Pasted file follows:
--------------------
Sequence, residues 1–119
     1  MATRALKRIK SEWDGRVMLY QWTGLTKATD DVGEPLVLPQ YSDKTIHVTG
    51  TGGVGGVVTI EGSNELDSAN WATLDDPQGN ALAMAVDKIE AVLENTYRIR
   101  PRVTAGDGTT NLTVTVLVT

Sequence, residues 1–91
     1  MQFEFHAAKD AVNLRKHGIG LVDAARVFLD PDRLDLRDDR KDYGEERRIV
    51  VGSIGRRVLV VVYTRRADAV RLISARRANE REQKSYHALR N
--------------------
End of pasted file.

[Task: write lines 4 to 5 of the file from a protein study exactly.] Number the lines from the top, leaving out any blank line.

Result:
   101  PRVTAGDGTT NLTVTVLVT

Sequence, residues 1–91